Bring a Sober Buddy: While so far, I haven’t found this to be effective, most ‘soberees’ swear to bringing a buddy to a social event. Not only do you have a common ally drinking diet coke instead of out of the the bouquet of booze, but you have someone to not laugh with you when the non-funny jokes are amusing to the ‘tipsies’. Most important to remember, don’t let a friend who says they will only drink one glass be your sober buddy. Even if they are your best friend and they stick through thick and thin with you, the alienating experience starts the moment they take a sip. Invite a friend who is really going to be sober!
Don’t Be Afraid to Leave Early: Some people have no trouble being sober at a drinkfest – but if you are like me, the mock hangover as illustrated above is enough to have you in and out of the event in an hour. If this is a common experience for you, then expect it to happen and prep your friends for it while they are sober. That way, you don’t have to attempt to excuse yourself a million times as they beg you to stay, bestowing alcholic breath on you. Make up an excuse to leave – and depending on how drunk they are, your excuse can range anywhere from “I have a paper due tomorrow” to “I need to go fight in World War II”. Trust me, both work. 🙂
Prep to for the Event in Advance: Sometimes you get caught somewhere, like a work holiday party, or interestingly, a work interview dinner (as my best friend attended, noted as the only person not drinking) and you simply can’t leave early. There is no need to panic – be prepared to attend the event and order something safe – like ginger ale. Be confident in your decision, and have a good time.
Find the “Sober Club”: There are a multitude of campus events which are void of alcohol, or at least, alcohol at minimalistic level – film screenings, theatre and movie viewings, recreational sports, guest speakers, etc. Try to put yourself in a social situation where you won’t feel uncomfortable with who you are. Getting involved with student clubs that don’t involve alcohol can make it easier to connect with friends. Try to attend events where, even if there is alcohol, there might be other things to focus on – such as a band playing, or a sports game. If the focus is alcohol (lets say, at a pub), then your uncomfortable feeling may become magnified as drinks are ordered around the table and you are the only one drinking club soda and a lime.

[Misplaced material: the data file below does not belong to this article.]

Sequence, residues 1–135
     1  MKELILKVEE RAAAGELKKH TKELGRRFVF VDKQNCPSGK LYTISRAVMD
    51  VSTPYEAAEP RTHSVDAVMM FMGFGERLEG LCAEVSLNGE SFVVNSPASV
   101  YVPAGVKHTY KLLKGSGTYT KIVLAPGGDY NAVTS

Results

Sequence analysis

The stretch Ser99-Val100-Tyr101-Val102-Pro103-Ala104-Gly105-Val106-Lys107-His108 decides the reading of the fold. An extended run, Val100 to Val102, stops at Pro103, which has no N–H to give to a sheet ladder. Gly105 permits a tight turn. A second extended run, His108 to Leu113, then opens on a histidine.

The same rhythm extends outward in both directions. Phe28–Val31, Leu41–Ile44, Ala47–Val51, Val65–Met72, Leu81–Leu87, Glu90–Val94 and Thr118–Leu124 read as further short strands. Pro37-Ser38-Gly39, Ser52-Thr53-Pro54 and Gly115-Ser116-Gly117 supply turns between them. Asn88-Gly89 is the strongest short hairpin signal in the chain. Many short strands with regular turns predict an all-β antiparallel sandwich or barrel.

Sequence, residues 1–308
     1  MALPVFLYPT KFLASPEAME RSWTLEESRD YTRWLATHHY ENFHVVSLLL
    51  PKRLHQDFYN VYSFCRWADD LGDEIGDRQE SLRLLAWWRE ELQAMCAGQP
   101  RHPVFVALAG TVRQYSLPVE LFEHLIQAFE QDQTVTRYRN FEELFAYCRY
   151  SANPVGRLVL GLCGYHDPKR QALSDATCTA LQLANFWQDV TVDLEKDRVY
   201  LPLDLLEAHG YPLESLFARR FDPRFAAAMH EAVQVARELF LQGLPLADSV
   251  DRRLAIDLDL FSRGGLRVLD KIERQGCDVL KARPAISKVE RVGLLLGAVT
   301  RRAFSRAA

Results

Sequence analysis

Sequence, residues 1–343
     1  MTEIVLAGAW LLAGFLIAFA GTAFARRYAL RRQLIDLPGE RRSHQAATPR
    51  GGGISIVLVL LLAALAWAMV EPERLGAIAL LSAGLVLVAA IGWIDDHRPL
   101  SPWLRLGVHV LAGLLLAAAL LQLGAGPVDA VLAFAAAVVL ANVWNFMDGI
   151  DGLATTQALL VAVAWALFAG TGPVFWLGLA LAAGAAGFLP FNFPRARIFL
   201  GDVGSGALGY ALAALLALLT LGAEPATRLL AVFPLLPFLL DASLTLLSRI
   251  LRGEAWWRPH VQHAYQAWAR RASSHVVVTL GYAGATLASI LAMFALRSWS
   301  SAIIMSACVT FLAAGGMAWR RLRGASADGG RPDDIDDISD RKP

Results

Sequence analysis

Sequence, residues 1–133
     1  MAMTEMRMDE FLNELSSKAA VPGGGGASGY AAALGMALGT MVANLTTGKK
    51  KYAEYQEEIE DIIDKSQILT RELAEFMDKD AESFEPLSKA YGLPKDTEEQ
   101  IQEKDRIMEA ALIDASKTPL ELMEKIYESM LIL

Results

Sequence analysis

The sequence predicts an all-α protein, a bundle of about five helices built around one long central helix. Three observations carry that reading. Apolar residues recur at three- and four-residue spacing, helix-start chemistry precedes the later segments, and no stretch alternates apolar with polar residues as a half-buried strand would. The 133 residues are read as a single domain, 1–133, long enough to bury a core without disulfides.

Don’t Let Other People Poop your Party!: I tend to notice that even when I am enjoying myself just fine, people around me don’t seem to enjoy themselves when I’m not drinking – a concept that simply baffles me. Don’t let other people make you feel like the party-pooper for not drinking, and don’t let them tell you what to do. Enjoying a party – meeting new friends, stepping out from the cocoon of academic, and having a good time can all occur without drinking.
I write this post fresh off of leaving a student event held at a pub, as I spent the evening awkwardly smushed in the middle of a round booth with 3 students drinking on my left, and 4 students drinking on my left. (Let me tell you, it was almost impossible to get out of that booth!) I really do understand that horrible, uncomfortable feeling, but I hope it remains backed up with pride for staying sober, and making a choice that is right for you. I hope that the above tips can help you (and me!) to be confident and comfortable in an situation of assorted alcohols.
Don’t be afraid to experience an event alcohol-free … the next morning, you’ll remember what happened!